Yesterday in Hawaii, two new lava breakouts from Kīlauea’s Puʻu ʻŌʻō cone began just before 7:00 a.m. at the site of the vent for the ongoing June 27th lava flow.
The larger of the two breakouts fed a vigorous channelized flow that extended about 1 km (0.6 miles).
This lava flow had not extended beyond the existing Puʻu ʻŌʻō flow field at the time this video was taken (24 May, 8:30 a.m., HST).
Yesterday’s observations from Puʻu ʻŌʻō: At around 6:50 a.m., in concert with sharp deflationary tilt at Puʻu ʻŌʻō, two lava flows broke out from the flanks of the cone.
One is on the northeast flank, approximately 250 m (0.15 mi) from the rim of the cone, heading toward the northwest.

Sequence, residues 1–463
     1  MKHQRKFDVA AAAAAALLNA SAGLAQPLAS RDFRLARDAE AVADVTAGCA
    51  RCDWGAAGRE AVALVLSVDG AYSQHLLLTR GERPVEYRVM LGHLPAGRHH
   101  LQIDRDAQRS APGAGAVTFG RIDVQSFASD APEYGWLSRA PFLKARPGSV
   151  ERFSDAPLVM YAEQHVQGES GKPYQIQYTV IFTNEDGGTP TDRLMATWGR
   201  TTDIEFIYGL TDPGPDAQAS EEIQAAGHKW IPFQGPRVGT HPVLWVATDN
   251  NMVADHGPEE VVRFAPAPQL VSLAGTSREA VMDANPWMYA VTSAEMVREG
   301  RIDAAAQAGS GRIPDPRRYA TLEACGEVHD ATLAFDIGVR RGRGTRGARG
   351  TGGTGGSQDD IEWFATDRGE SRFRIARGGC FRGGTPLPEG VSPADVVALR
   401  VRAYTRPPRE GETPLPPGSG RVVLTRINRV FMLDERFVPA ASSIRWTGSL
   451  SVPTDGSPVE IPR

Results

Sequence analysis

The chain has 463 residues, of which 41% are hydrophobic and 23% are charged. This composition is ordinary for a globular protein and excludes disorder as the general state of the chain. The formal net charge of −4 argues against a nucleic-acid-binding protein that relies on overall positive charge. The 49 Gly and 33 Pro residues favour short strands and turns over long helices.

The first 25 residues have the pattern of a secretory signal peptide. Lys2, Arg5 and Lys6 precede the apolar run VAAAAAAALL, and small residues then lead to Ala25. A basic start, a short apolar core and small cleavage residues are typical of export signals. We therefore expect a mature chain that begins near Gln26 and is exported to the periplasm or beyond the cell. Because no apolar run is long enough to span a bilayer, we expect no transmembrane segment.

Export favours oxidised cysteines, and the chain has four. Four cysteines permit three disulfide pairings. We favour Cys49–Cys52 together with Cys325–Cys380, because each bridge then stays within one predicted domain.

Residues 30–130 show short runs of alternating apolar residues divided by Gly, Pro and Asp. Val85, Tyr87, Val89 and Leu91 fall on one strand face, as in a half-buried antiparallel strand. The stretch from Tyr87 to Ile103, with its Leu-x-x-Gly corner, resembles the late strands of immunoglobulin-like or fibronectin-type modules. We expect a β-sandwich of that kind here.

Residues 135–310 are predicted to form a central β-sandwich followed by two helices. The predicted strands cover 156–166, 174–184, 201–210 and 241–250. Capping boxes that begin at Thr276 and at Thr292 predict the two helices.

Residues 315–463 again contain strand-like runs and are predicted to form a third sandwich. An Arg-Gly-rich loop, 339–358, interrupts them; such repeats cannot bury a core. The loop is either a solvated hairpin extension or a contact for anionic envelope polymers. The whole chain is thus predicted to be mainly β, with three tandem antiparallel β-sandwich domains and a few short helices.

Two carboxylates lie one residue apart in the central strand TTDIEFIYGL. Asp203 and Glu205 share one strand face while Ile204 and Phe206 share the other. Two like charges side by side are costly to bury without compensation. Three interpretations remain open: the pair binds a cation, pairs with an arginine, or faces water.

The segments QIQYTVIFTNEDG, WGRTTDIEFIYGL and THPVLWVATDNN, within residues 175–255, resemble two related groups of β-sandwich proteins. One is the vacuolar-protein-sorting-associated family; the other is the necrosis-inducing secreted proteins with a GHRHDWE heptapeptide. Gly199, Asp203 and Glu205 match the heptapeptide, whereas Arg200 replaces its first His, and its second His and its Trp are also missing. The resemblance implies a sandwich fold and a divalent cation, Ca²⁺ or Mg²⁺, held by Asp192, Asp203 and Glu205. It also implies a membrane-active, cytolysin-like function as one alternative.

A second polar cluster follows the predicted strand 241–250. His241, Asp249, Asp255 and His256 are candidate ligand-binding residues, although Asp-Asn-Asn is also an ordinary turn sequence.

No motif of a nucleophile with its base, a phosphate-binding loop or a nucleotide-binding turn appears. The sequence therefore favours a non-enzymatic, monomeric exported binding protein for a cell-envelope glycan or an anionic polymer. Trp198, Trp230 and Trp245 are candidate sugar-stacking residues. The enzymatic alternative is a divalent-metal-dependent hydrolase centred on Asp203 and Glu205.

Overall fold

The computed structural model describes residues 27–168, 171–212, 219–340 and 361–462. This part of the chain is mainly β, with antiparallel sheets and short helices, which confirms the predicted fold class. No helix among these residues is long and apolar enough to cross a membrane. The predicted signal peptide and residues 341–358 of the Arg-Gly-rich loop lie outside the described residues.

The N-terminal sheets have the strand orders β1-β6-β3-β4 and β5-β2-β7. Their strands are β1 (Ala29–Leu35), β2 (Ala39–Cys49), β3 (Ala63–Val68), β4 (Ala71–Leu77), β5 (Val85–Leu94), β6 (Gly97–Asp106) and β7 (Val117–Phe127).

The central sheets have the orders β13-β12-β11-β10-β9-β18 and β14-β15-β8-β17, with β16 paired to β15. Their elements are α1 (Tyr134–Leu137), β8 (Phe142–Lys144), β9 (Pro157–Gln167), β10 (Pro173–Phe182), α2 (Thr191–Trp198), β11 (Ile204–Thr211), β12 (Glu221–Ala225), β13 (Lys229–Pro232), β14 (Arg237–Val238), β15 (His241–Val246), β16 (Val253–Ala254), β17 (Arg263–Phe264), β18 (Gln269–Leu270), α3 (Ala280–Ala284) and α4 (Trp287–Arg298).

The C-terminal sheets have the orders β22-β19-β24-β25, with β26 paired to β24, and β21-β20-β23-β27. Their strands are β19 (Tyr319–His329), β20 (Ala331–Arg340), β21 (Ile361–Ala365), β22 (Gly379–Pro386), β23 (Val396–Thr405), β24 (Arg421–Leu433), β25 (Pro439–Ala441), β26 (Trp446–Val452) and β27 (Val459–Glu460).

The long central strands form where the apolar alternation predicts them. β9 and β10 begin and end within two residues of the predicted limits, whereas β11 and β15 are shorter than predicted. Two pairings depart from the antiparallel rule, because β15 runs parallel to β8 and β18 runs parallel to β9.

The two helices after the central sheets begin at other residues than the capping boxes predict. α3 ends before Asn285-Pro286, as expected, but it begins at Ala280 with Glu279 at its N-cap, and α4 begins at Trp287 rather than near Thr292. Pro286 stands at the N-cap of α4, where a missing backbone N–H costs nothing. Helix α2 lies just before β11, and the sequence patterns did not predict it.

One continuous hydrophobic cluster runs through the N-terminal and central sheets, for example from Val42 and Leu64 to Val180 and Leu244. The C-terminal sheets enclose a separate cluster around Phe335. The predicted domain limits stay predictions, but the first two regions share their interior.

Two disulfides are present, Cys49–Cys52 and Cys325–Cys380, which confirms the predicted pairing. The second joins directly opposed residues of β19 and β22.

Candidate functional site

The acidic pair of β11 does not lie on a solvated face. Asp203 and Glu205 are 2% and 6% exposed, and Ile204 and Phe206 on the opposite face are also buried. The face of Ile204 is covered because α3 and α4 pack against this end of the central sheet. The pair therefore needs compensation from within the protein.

The other flow is on the east flank of the cone, approximately 500 m (0.3 mi) from the rim of the cone, heading toward the southeast.
At around 8:30 a.m., during an HVO overflight, the flow on the northeast flank was roughly 1 km (0.6 mi) long, and the flow on the east flank was around 700 m (0.4 mi) long, but neither has extended beyond the existing flow field.
Typical of new breakouts, the initial flow activity has been vigorous, but neither flow is currently threatening any nearby communities. The floor of Puʻu ʻŌʻō crater has subsided slightly with the new flow activity.
Persistent glow from spatter cones within the crater continues. No change in seismic activity has been noted, and remains low and steady.
The sulfur dioxide emission rate from all East Rift Zone vents was about 300 metric tons/day when last measured on May 10.